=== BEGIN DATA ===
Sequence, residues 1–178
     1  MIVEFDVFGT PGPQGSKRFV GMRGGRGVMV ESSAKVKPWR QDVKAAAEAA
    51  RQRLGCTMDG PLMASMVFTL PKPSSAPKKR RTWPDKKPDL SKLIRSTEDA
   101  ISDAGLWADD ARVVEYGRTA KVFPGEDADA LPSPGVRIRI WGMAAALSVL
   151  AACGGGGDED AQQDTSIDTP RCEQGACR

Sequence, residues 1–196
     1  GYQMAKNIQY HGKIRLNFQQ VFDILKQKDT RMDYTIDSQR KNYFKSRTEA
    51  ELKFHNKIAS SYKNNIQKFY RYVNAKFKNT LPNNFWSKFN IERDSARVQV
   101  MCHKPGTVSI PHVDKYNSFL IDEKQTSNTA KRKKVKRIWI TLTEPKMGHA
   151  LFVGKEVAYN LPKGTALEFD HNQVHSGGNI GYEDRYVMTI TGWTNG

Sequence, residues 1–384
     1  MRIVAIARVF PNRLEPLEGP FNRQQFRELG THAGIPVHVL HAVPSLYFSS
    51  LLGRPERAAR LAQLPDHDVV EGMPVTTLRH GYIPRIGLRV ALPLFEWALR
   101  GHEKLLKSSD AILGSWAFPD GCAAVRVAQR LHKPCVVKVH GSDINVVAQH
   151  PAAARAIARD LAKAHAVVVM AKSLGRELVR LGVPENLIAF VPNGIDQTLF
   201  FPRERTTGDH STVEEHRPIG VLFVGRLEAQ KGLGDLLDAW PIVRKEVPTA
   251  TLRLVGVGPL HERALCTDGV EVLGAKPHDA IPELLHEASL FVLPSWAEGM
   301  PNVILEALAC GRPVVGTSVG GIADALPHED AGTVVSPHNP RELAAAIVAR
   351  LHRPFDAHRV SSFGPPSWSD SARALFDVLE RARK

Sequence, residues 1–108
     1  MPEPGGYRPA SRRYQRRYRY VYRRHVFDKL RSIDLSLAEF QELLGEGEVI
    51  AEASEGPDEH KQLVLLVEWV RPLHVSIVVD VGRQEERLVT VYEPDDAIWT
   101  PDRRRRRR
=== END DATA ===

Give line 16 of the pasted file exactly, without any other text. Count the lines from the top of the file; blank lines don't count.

   201  FPRERTTGDH STVEEHRPIG VLFVGRLEAQ KGLGDLLDAW PIVRKEVPTA